Thursday, November 27, 2008

Crossing borders

At the Golden-cheeked Warbler Workshop in Honduras, I was asked would I mind going to Costa Rica for a couple of weeks to look for Golden-cheeked Warblers there? In other words, an all-expenses-paid birding trip to one of the world’s top birding destinations? No, obviously I said that I would very much be available for such a thing. So, last Monday, Alberto Martinez and I left the workshop a day early to drive from Honduras to Costa Rica. Easier said than done, as it turned out.

Getting to Nicaragua was easy enough. At the border, however, we were greeted by a bunch of boys who all claimed they could help us with the apparently complicated process of crossing into Nicaragua. They carried semi-official-looking quasi-government-approved cards that were meant to illustrate these kids were legit. “Pick me! Pick me!” they all shouted. So we picked one, who assisted us with what was indeed quite a lot of paperwork. We never had to wait, yet the whole process took us an hour, around nightfall.

It was dark as we drove into Nicaragua, through unlit winding mountain roads, until after a couple of hours we reached Esteli, where we had dinner, chatted with some very friendly locals, and stayed for the night.

The next day we left early because we figured we still had a lot of driving ahead of us. Around two in the afternoon, we reached the Costa Rican border at Peñas Blancas. Again, the same hustle and bustle of boys who could help us navigate the obstacles of Immigration and Customs.

I figured leaving a country is always easier than entering one, but I was wrong.

In the eyes of the Nicaraguan Immigration people, a Dutch guy and a Mexican guy traveling in a vehicle with Salvadoran plates fit the profile of drug traffickers. We were asked to park the car at the side of a building, where the Nicaraguan Immigration Service, Dept. Grease Monkeys, proceeded to take apart the whole car! At one point, seven guys were ‘working’ on our car, although in reality there was mostly just one or two guys actually doing stuff, while the others were busy distracting them with jokes and clowning around.

This had been going on for a good two hours, when I spotted an iguana walking around in front of the car. Soon, this animal also attracted the attention of the grease monkeys, who immediately dropped what they were doing in order to chase it around the various trucks parked there.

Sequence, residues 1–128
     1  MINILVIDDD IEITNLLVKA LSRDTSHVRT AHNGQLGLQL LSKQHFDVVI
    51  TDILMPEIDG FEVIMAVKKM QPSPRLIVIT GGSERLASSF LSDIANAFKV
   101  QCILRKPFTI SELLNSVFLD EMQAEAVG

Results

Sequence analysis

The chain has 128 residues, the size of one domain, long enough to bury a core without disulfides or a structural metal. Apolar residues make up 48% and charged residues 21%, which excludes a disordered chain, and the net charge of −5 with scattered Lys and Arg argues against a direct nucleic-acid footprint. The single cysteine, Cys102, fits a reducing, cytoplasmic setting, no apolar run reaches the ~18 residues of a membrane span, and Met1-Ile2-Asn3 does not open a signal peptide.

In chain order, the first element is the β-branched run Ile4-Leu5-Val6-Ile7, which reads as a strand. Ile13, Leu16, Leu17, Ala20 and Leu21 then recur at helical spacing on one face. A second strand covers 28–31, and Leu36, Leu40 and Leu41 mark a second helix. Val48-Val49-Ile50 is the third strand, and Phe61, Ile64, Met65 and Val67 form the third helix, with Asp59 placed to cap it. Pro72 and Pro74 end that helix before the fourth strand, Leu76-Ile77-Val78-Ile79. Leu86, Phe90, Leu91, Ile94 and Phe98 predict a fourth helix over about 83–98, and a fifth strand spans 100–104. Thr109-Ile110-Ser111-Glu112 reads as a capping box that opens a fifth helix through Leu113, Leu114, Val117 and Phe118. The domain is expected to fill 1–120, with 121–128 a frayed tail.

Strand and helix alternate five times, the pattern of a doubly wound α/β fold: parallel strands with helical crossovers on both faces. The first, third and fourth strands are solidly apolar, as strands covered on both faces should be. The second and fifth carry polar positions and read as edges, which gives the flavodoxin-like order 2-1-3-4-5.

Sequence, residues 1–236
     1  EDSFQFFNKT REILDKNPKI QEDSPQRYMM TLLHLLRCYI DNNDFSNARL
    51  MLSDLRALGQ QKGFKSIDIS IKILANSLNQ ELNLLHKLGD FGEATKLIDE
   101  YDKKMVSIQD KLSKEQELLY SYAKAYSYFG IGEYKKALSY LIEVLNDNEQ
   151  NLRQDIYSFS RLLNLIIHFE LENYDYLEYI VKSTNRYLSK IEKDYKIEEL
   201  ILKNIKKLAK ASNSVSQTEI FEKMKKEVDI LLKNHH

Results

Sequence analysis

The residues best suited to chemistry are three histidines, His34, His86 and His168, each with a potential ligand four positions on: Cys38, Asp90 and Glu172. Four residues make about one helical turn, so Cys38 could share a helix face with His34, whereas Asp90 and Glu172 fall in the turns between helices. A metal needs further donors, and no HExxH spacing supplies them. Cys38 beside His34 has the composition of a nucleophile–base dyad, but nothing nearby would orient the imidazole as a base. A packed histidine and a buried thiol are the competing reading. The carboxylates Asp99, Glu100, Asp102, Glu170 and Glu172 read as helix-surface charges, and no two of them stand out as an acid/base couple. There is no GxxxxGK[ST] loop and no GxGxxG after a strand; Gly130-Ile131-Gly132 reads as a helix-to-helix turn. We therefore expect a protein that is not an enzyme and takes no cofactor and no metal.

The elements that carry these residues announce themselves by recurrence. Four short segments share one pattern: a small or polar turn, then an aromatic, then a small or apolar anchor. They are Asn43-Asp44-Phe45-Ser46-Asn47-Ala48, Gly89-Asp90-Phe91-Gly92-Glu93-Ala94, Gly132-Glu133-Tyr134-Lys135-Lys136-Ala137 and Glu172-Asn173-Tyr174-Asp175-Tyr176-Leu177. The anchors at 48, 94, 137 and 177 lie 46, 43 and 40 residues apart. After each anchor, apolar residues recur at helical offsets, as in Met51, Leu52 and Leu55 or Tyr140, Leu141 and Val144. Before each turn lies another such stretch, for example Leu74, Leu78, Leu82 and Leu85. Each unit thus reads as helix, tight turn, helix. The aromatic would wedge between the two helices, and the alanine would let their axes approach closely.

Eventually, they caught it. They had smacked it on the head with a hammer, and when they proudly showed it to me for a picture, I could see that the animal was almost dead, but not quite.

Work on the car was resumed. Knowing we didn’t have any drugs, I wasn’t worried so much as irritated, although it did give me the creeps when a little later cheers rose up from under the car, as if they had found something! But after four hours, they declared the car drug-free, and we were free to leave the country. They never bothered to check our bags.

Again, night had fallen and it was dark when we still had to get into Costa Rica. Again, the same circus with boys who could help us with this. Except this time, the boys weren’t boys but shady-looking young men, who told us that the border was about to close, but they could help us cross it in no time if we paid them. I thought they were crooks, but I did not know if they were speaking the truth. And I was pretty exhausted from all the driving and from being a suspected drug trafficker in a corrupt country. So we went with them. Here the process took another hour, and then finally we were in Costa Rica!

Alberto and I both agreed that next time, we fly into Costa Rica and rent a car there.

We drove for a few hours until we got to Liberia, a fairly large town where we found a hostel. The next day, as I inspected the car, it was obvious to me that the Nicaraguan grease monkeys had done a shitty job putting the car back together again. I was not surprised by this.

But just exactly how shitty became evident when we stopped for gas, and I saw how the gas that was pumped into the car splashed directly onto the street! Great. So we had that fixed at a nearby garage.

We weren’t done yet.

At our next stop, about an hour from final destination San Jose, the car alarm suddenly went off and would not respond to my frantic pushing of the buttons on the remote. So it dutifully howled for a few minutes and then went into auto-lock mode. Here we were, at another gas station, with a car that wouldn’t start, because it was locked by the alarm system. First we cursed the Nicaraguan immigration service, and then I took apart the remote, in order to clean the battery contacts, because the little light on the remote seemed weak to me. That did nothing. Then I took away the board right under the steering wheel, where the wiring of the car alarm was located. I checked and retightened all wires, then tried again. This time, the car alarm responded. After we screwed the board back on, we drove off, and as of this moment, have had no further problems with the car.

Next time, hopefully more on birds and less on stupid shit like this.

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